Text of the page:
CBeebies has a wealth of entertainment for the bleary-eyed parent; foremost among its output is the bizarre and nearly-disturbing Grandpa In My Pocket, starring a former Likely Lad...
When you have children many things begin to change in your life. The hair goes grey, sleep becomes a friend you merely see occasionally, but you hear from others that it is doing well, and your weekend is now just another two days in seven. Whereas before you would spend every Saturday morning in bed until at least eleven o’clock, you are now checking your watch, noticing that it is only half past ten and feeling like you have been up since the beginning of time itself.
Obviously there are pros to being a parent too. One of the pros is definitely having prolonged exposure to Children’s TV. CBeebies has some of the best and most bizarre programmes out there. One that immediately caught my eye and has affected me greatly is Grandpa in my Pocket.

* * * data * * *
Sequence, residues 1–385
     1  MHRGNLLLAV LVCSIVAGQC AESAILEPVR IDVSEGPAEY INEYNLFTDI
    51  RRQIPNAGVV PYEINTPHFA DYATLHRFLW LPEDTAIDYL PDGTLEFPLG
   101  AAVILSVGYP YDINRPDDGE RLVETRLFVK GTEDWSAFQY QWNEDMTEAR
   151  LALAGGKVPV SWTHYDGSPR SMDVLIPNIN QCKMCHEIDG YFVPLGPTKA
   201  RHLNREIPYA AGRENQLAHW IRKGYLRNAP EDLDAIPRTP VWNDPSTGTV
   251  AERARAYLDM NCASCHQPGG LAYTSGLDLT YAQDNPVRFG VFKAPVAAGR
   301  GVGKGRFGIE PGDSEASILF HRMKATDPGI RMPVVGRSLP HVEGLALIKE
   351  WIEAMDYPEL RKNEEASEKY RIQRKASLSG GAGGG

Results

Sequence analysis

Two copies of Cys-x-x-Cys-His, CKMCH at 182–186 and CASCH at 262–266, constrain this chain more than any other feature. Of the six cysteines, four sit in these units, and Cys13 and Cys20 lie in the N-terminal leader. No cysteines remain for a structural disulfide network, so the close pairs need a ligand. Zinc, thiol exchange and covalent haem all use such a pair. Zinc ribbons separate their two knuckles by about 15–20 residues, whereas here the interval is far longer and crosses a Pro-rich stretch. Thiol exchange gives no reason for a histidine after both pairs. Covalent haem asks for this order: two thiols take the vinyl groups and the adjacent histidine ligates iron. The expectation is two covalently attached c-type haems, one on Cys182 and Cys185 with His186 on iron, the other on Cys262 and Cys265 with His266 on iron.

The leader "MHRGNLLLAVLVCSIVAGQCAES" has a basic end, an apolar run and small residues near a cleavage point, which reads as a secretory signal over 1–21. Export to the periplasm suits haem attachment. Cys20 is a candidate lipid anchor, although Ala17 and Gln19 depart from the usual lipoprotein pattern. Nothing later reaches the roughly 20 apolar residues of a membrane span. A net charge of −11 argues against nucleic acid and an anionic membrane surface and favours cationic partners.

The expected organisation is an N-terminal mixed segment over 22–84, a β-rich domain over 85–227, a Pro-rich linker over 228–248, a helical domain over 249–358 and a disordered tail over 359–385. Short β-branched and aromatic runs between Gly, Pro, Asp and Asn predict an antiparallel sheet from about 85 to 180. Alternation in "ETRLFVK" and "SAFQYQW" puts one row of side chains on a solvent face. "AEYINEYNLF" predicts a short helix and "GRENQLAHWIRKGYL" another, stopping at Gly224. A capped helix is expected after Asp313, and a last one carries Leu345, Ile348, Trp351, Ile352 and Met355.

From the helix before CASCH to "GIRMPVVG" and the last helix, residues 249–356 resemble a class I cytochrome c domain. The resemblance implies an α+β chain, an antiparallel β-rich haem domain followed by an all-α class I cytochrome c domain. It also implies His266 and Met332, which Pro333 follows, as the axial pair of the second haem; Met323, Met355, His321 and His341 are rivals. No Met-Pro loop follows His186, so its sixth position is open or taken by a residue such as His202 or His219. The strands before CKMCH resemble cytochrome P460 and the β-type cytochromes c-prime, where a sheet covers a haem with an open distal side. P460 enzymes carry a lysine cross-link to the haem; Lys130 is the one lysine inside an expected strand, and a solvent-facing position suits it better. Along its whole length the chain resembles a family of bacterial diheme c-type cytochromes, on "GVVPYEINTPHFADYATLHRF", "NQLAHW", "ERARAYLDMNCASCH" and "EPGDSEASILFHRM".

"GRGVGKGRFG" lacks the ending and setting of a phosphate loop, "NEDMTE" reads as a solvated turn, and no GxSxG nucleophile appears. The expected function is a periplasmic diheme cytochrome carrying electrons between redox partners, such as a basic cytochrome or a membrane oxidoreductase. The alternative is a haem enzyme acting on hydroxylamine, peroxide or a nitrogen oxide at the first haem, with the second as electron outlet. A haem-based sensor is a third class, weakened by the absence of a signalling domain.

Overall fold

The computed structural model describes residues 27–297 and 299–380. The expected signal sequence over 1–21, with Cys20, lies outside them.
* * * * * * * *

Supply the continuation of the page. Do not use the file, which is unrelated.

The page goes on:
A more disturbing and unprofitable fifteen minutes you are unlikely to find. Any programme in which James Bolam spends the majority of the running time smiling and giving thumbs ups and high fives like a happy idiot at a jam sale, can only serve to unnerve you psychologically. Bolam to me is the very-modern-model of a miserable bastard. His weathered, curmudgeonly face is a constant leveller and reminds you that life is a load of old shit after all and that puppies are boring and the sunshine is annoying. Give me a wet weekend in Scarborough anytime, eh James?
However prolonged exposure to Bolam running around the place grinning like a pimp at a Japanese business convention seems rather Lynchian. This is nightmare stuff. You have seen Dennis Hopper in Blue Velvet, but he is nothing compared to James Bolam smiling and giving you the thumbs up. Haunting visuals I trust you agree.